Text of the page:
Evaluating the measurement models
The authors investigated the content and structure of the constructs by means of item analysis, as well as CFA, through LISREL 8.80 (Du Toit & Du Toit, 2008; Jöreskog & Sörbom, 2006) to evaluate the construct validity of the measurement models. The current study intended to determine whether one could confirm the constitutive meaning and factor structure, which Barbuto and Wheeler (2006) originally developed in the United States of America (USA), on a South African sample.
The default method of estimation when fitting measurement models to continuous data (maximum likelihood) assumes multivariate normality. The authors consequently evaluated the univariate and multivariate normality of the individual item indicator variables via PRELIS (Jöreskog & Sörbom, 1996). They had to reject the null hypothesis of univariate normality in the case of all the individual item indicator variables (p < 0.01).
The authors explored two possible solutions for the lack of normality in the data. The first was to normalise the individual item indicator variables. Although the PRELIS normalisation improved the symmetry and kurtosis of the indicator variable distributions, the authors still had to reject the null hypothesis of multivariate normality. The dilemma is that normalising occurs for each variable separately (Mels, 2003).
Because the normalisation option failed to achieve multivariate normality, the authors considered using an alternative method of estimation more appropriate to data that does not follow a multivariate normal distribution. Mels (2003) recommends the use of robust maximum likelihood estimation if the assumption of a multivariate normal distribution does not hold. However, because the normalisation reduced the discrepancy between the observed distribution and the multivariate normal distribution, the authors used the normalised dataset in the subsequent analysis.
The authors conducted item analysis using the SPSS Reliability procedure (SPSS Inc, 2011) on the items of the SLQ. The internal consistency coefficients of all the subscales of the SLQ were highly satisfactory (a > 0.70) (Nunnally, 1978) (see Table 2). Although the Cronbach's alpha value for the persuasive mapping subscale was good (a = 0.87), deleting item 1 could increase the Cronbach's alpha value for the subscale to a = 0.89. Nevertheless, the authors did not delete the item in order to maintain the original factor structure of the SLQ.
Goodness-of-fit of the measurement models (first-order and second-order confirmatory factor analyses)
In terms of the Goodness-of-Fit indices Table 3 reports, the X² /df ratio for the measurement and structural models fell in the 2 to 5 range that indicates acceptable fit (Kelloway, 1998). According to this standard or interpretation, the model fits the data well. However, as Kelloway (1998) recommends, it is important not to rely solely on the X² /df ratio, but rather to take into account a range of indices.
The RMSEA suggested that the measurement and structural models showed reasonable fit with the data (0.064 -0.071), because values of < 0.05 represent good fit whilst those between 0.05 and 0.08 indicate reasonable model fit (Diamantopoulos & Siguaw, 2000). The standardised RMR value of 0.049 for the measurement model indicates good model fit (< 0.05), whilst the SRMR value for the structural model just missed the 0.05 level. The GFI values for the measurement and structural models fell marginally below the 0.90 level that indicates good fit.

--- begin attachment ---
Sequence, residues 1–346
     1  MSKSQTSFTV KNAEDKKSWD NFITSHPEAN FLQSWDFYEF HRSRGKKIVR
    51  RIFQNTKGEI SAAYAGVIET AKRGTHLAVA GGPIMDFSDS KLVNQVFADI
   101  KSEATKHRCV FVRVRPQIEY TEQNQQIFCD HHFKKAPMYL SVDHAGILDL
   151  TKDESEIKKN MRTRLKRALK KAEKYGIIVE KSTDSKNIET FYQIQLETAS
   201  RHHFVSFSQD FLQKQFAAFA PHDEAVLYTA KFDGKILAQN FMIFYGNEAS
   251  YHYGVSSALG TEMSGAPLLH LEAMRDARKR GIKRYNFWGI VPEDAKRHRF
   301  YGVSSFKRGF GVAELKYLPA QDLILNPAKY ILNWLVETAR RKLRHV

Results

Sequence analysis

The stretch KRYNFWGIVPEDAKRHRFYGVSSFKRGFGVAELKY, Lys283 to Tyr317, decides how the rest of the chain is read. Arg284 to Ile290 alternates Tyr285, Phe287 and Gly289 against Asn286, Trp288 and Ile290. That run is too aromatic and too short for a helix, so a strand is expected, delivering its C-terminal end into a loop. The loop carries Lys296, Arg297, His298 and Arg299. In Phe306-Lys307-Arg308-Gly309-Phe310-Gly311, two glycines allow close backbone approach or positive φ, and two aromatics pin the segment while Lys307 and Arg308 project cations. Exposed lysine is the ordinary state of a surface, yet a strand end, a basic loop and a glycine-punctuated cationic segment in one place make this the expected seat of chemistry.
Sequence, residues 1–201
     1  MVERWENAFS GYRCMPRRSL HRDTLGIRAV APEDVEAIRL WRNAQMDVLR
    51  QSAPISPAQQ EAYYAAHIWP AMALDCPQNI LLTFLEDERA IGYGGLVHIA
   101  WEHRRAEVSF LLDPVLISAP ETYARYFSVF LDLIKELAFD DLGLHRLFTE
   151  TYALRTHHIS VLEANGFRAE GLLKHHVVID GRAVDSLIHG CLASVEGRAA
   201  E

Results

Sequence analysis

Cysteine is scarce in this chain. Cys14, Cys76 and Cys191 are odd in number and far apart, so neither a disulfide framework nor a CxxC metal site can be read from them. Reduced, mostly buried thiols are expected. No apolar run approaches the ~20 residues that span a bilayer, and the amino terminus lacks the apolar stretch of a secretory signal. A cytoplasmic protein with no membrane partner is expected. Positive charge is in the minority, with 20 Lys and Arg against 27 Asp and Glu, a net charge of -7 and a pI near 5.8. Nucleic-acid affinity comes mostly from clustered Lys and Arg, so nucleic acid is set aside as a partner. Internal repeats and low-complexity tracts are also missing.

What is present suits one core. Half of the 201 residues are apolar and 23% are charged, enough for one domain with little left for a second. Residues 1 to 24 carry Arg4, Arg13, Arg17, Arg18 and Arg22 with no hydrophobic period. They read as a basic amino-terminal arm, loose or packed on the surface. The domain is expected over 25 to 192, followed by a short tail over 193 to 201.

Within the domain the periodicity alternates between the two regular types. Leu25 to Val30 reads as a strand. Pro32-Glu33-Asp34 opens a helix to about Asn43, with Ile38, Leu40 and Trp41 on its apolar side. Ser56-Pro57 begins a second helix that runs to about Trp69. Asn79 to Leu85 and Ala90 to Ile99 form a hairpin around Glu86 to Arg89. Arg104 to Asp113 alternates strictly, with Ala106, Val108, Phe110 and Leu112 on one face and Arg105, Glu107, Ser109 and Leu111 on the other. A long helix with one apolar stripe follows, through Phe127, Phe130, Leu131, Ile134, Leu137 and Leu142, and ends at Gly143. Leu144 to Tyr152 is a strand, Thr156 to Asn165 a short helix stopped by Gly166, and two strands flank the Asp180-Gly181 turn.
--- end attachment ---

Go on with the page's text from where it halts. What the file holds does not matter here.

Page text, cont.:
The results of the incremental fit measures indicate that, when compared to a baseline model, the measurement and structural models achieved NFI, NNFI, CFI, IFI and RFI indices of > 0.90, which represents good fit (Hair et al., 2010; Kelloway, 1998). Therefore, these relative indices seem to portray a positive picture of model fit.
Table 4 gives the standardised factor loadings. The values shown in the completely standardised solution loading matrix represent the slopes of the regression of the standardised items on the standardised latent servant leadership dimension that the item was designed to represent. Therefore, the completely standardised loadings indicate the average change expressed in standard deviations in the item associated with one standard deviation change in the latent variable. The factor loadings of the items are generally significant (> 0.50).
Table 5 gives the correlations between the five latent SLQ dimensions. These correlations reflect the correlations between the five SLQ subscales, corrected for the attenuating effect of random and systematic measurement error. The correlations fall within reasonable limits, as high values (above 0.90) may indicate multi-collinearity (Tabachnick & Fidell, 2001).
Examination of the first-order measurement model residuals
Large positive residuals indicate that the model underestimates the covariance between some of the variables and a negative residual shows that the model overestimates the covariance between variables (Jöreskog & Sörbom, 1996). The distribution of the residuals in the stem-and-leaf plot (Figure 1) seems slightly positively skewed, implying that the model might be underestimating the residuals.
One uses the unstandardised Gamma matrix to assess the significance of the estimated path coefficients yjj that express the strength of the influence of (exogenous latent variables) on r|i (endogenous latent variables). The parameters are significant (p < 0.05) if the f-values are >|1.96| (Diamantopoulos & Siguaw, 2000).
The authors also investigated the strength of the influence of the servant leadership higher-order factor on the five dimensions. The t-values show that the five dimensions are significant indicators of the servant leadership higher-order factor because the t-values are greater than 1.96.